In this topic
- About server object extensions
- Availability of SOEs
- What you need to know to develop an SOE
- Do you need an SOE?
Server object extensions (SOEs) allow you to extend the base functionality of ArcGIS Server. Most SOEs do this by using ArcObjects code to work with geographic information system (GIS) data and maps. ArcObjects are the core components on which ArcGIS is built, and allow you the most flexibility in writing GIS functions.
SOEs are appropriate if you have some well-defined business logic to perform that is not easily accomplished using the ArcGIS APIs. SOEs have the following great advantages:
- When you build an SOE, you’re providing coarse-grained methods that perform work on ArcGIS Server, rather than making a large number of calls from the client to the server. SOEs encapsulate ArcObjects logic very efficiently, providing an ideal environment to execute your calls quickly.
You might develop an SOE if you wanted to work with dynamic segmentation to retrieve the location of a mile marker, or trace geometric networks for upstream and downstream calculations, and so on. In these cases, SOEs expose functionality that is not available in any other manner (through out-of-the-box geoprocessing tools or ArcGIS Server services), or that need to be executed very fast.
SOEs are for experienced developers and require knowledge of various development platforms. This section of the software development kit (SDK) contains several samples that you can examine.
You can build an SOE to extend any type of service; however, SOAP and REST Web service SOEs are currently available with map services only.
SOEs that access MSD-based map services ("optimized map services") must avoid using fine-grained objects from the Carto library, which are designed for MXDs. For more information, see Accessing MSD-based map services with SOEs.
SOE development requires knowledge of ArcObjects, .NET, or Java programming languages and Web service communication technologies such as REST and SOAP. The ArcObjects SDK has several samples that you can examine, both for Java and .NET.
SOEs require extensive development, and must be deployed on each server in your configuration. Before you develop a server object extension, you can consider some easier alternatives.
Some GIS applications run a specific series of geoprocessing tools to perform some business logic. These tools might predict timber yield from a forest, identify suitable sites for a restaurant, or estimate where a toxic cloud could spread. In many cases, these processes can be expressed in ArcGIS ModelBuilder, where you can graphically "chain" tools together. You can expose these models as geoprocessing Web services, to be consumed in your applications.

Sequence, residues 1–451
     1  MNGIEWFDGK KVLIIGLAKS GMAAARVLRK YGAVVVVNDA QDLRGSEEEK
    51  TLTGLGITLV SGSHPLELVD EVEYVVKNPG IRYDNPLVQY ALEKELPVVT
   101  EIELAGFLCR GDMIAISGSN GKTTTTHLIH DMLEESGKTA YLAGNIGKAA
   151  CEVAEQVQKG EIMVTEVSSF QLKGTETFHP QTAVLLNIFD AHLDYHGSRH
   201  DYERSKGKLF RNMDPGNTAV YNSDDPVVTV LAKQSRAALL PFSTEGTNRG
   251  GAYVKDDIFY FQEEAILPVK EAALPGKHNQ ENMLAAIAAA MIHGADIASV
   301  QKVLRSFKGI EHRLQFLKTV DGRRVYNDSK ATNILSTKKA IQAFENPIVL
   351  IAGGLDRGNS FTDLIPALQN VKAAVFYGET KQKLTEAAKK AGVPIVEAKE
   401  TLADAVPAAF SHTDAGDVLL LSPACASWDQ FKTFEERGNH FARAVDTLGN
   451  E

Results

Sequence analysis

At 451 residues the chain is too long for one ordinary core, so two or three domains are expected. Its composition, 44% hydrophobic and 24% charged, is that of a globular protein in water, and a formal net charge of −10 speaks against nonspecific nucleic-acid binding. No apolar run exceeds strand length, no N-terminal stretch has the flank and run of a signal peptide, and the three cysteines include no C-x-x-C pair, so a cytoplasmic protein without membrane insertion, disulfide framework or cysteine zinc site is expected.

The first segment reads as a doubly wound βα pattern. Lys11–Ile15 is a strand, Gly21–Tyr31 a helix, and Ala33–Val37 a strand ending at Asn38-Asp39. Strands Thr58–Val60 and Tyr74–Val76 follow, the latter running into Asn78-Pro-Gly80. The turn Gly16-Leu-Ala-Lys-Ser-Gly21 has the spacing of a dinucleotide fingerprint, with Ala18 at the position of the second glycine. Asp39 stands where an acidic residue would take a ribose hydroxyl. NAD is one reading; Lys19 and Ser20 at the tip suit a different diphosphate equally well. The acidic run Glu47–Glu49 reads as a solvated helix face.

Using a geoprocessing service can save you a lot of coding, because you’re often just dragging and dropping tools in ModelBuilder. Also, you can leave an asynchronous geoprocessing job running on the server while you do other things, then check later to get the results. Geoprocessing services are handy for long-running and complex processes.
Along with offering hundreds of out-of-the-box tools, ArcGIS geoprocessing allows you to develop custom tools. The simplest way is to write Python scripts that can be run in a stand-alone manner or integrated with other tools within a model. A great example is the arcpy.mapping module which is recommended for creating print-quality maps through the Web.
You can also create custom geoprocessing tools with C#, Visual Basic .NET, or C++. This allows you to embed your own fine-grained ArcObjects logic within your tools and models. You can also re-use these custom tools in non-ArcGIS Server workflows, since they behave like any other tool.
Geoprocessing services have a large memory footprint and often run slower than SOEs. If you’re running a process only a few times a day, this might not be an issue. However, if you are running a process many times a day, or with many concurrent users, it might be worth investing the time to build an SOE.
Before you build a geoprocessing service or an SOE, you can check to see if the geometry service offers the methods that you need. A geometry service can perform basic GIS operations such as buffering, determining spatial relationships, measuring lengths and areas, and so on. Calling a series of methods on a geometry service and combining them with the query capabilities of map services can be simpler and faster than using a geoprocessing service. In one test scenario, the geometry service was able to handle over 98,000 requests per hour for a simple buffer plus selection operation, compared to about 11,000 requests per hour handled by a geoprocessing service.